19-year-old Angeline is an R&B singer, campaigner and aspiring journalist brought up in Rochdale. A Youth Music project has helped her educate and inspire other young people by opening up about her past.
‘Hopes and Dreams’, a project run by local charity NESTAC, brought together young people – including many who came to the UK as asylum seekers or refugees – to share their diverse cultural experiences through music-making and explore the issues they’ve faced in their lives.
Angeline comes from a Congolese community where female genital mutilation (FGM) was practised. With NESTAC’s support, she’s spoken out about her own experience and become a passionate advocate for gender equality and women’s rights.
Drawn in by music
Angeline had always been into music and songwriting, and first got involved with NESTAC when the charity held a series of events combining FGM awareness with open mic performances.
“I started out when I was about 13 because some of my friends used to go along. One year I was in the crowd and everyone was like ‘you should go up and sing!’ The year after, I actually had a planned performance.
“I was mostly interested in the musical aspect, but in the following years, I learned about FGM a lot more profoundly and that’s where my interest came from.”
Angeline’s now been volunteering with NESTAC for several years, and they’ve supported her to train as a youth leader mentoring younger group members.
Raising awareness in the classroom
During Angeline’s final year of sixth-form college, she ran a project with NESTAC’s help, offering her fellow students the chance to sign up and learn about FGM.
“I created sessions and did a presentation on FGM, the origins and how you can prevent it. We ended up making a book of drawings and poems inspired by the project.
“That was probably my proudest achievement. All the feedback I got shows that young people do care. Everyone was so supportive and willing to learn and get involved.
“When I found out about the Hopes and Dreams project, I wanted to do that as well because it involved a lot more music.”
'Hopes and Dreams'
Listen to the track which Angeline created and performed with fellow participants in the project.
Self-expression through songwriting
Angeline became a senior member of the Hopes and Dreams group. She balanced her involvement in the project with her first year of studying broadcast journalism at university in Leeds.
“It was a lot of stress at uni, and coming back to the project was kind of a relief, because everyone was expressing themselves and having fun. Even though we were talking about a sensitive topic, it was a really fun project to take part in.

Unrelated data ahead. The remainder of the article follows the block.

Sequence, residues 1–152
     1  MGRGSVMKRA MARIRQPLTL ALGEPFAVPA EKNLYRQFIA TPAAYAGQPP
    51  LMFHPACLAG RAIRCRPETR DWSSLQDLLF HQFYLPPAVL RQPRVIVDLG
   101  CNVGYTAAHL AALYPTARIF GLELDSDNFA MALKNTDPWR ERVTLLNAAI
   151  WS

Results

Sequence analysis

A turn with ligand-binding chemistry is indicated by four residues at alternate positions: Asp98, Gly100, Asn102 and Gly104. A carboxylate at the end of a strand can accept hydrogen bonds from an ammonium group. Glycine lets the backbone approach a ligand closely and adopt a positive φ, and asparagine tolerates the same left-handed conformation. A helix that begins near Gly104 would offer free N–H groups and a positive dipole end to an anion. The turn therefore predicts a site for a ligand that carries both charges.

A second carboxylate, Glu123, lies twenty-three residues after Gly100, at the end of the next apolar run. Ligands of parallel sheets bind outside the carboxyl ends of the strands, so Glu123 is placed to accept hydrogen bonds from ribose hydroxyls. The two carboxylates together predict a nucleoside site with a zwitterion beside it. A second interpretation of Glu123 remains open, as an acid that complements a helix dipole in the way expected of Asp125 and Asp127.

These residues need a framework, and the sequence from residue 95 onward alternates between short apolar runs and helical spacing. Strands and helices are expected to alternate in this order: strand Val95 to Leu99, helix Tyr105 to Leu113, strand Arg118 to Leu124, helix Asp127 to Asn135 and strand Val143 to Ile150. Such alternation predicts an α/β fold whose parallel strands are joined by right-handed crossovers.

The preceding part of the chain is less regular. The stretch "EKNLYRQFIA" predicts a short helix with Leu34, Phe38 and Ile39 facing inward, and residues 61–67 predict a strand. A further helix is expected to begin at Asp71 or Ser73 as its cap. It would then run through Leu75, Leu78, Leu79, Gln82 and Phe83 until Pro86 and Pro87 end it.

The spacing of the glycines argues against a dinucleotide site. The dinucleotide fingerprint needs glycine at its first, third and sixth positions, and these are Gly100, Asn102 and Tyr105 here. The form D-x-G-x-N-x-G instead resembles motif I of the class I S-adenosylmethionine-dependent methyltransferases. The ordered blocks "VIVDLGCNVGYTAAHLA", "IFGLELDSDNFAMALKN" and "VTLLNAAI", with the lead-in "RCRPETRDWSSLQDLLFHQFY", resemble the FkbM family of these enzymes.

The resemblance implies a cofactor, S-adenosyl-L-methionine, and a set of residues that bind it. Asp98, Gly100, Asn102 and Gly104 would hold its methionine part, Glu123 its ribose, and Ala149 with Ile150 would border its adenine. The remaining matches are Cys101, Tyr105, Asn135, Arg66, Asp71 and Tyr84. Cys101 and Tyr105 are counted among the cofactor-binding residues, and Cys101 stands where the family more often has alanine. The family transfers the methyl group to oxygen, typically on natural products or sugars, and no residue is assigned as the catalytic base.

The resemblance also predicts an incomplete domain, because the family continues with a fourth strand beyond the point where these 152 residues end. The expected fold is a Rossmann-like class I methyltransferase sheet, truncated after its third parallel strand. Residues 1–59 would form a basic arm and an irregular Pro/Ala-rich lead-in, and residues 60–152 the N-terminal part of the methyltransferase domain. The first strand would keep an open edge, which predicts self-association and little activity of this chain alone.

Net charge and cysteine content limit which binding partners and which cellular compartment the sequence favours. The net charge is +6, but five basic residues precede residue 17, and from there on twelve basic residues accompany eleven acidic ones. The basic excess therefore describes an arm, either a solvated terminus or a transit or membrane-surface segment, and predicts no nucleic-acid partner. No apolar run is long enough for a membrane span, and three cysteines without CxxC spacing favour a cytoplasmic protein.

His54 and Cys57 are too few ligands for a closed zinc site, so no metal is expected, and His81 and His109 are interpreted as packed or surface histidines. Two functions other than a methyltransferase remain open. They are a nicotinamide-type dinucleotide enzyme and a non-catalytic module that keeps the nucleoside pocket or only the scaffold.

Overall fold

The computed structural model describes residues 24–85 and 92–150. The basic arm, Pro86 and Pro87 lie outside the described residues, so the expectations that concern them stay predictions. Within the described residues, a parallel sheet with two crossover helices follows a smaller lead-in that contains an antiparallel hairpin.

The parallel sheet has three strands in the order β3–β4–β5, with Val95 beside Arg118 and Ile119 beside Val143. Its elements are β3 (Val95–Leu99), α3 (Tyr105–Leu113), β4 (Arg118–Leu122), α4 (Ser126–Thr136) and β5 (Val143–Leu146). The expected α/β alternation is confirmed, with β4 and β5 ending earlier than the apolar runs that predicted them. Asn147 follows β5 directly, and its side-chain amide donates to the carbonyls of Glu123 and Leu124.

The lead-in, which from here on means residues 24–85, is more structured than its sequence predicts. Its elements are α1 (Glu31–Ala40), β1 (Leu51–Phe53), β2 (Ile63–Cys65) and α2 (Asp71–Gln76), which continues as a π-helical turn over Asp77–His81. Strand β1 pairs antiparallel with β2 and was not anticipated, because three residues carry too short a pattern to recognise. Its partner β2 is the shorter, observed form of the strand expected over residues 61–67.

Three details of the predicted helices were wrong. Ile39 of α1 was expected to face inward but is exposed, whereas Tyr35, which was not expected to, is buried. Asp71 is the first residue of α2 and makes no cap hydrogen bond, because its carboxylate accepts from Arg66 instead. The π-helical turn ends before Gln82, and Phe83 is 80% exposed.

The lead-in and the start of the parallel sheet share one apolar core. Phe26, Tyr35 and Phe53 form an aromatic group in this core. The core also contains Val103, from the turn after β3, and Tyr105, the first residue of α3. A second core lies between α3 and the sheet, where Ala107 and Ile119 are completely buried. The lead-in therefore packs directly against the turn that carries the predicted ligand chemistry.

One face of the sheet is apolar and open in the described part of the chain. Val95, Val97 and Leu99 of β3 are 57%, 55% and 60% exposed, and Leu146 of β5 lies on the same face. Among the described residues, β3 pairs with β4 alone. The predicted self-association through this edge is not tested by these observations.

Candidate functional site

“I think music helps people to communicate because it’s not so direct, and you don’t have to say ‘this is what I’ve been through’. People will sort of get the vibes from whatever you write and they can relate to that. You can keep certain things to yourself so you don’t feel too vulnerable.
“It helps me to talk about my personal experiences, but I can hide behind the music in a way, even though I’m still talking about what I was going through.
Angeline’s now in her second year at university and planning for a career in journalism. But she’s still working hard on developing her songwriting.
“Working with professional musicians through Hopes and Dreams has had a really big influence on my writing and composing skills. It’s helped me learn to write from my own perspective and talk about things that people can relate to in music.
“My all-time favourite artist is Lauryn Hill. She was the first artist where I really listened to her lyrics – she makes you listen to what she’s talking about. She talks about important things in her music and that’s what I want to achieve.
A powerful advocate
The main advice I give to other young people is not to be afraid to speak about issues like FGM. I know they can be taboo subjects but if I’m a young person going out and being an advocate against FGM, I hope it can encourage other young people to do the same.
“It’s not something to be ashamed of – you should be proud of yourself for going out and speaking about things like this because you are making a difference. That goes for discrimination and all sorts of other things, not just FGM.
“I think it’s important for young people to speak up for people who can’t speak up for themselves. When I educate younger people I hope I’m letting them know that it’s okay to speak out about issues that may not affect you but that do affect other people.